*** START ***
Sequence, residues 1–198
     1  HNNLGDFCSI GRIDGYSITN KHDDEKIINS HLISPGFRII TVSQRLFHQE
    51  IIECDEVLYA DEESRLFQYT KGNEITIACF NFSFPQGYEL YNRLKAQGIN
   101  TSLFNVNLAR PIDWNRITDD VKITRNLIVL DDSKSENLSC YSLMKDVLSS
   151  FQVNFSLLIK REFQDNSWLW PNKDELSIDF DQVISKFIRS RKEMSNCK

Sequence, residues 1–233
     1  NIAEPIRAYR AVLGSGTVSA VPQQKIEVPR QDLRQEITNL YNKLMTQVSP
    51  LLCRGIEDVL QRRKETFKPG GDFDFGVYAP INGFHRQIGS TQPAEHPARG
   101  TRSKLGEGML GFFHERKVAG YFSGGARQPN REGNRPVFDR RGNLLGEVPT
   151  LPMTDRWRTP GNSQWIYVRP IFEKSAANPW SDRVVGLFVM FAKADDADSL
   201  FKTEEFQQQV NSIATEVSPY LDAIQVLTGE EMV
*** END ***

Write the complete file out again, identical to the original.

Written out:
Sequence, residues 1–198
     1  HNNLGDFCSI GRIDGYSITN KHDDEKIINS HLISPGFRII TVSQRLFHQE
    51  IIECDEVLYA DEESRLFQYT KGNEITIACF NFSFPQGYEL YNRLKAQGIN
   101  TSLFNVNLAR PIDWNRITDD VKITRNLIVL DDSKSENLSC YSLMKDVLSS
   151  FQVNFSLLIK REFQDNSWLW PNKDELSIDF DQVISKFIRS RKEMSNCK

Sequence, residues 1–233
     1  NIAEPIRAYR AVLGSGTVSA VPQQKIEVPR QDLRQEITNL YNKLMTQVSP
    51  LLCRGIEDVL QRRKETFKPG GDFDFGVYAP INGFHRQIGS TQPAEHPARG
   101  TRSKLGEGML GFFHERKVAG YFSGGARQPN REGNRPVFDR RGNLLGEVPT
   151  LPMTDRWRTP GNSQWIYVRP IFEKSAANPW SDRVVGLFVM FAKADDADSL
   201  FKTEEFQQQV NSIATEVSPY LDAIQVLTGE EMV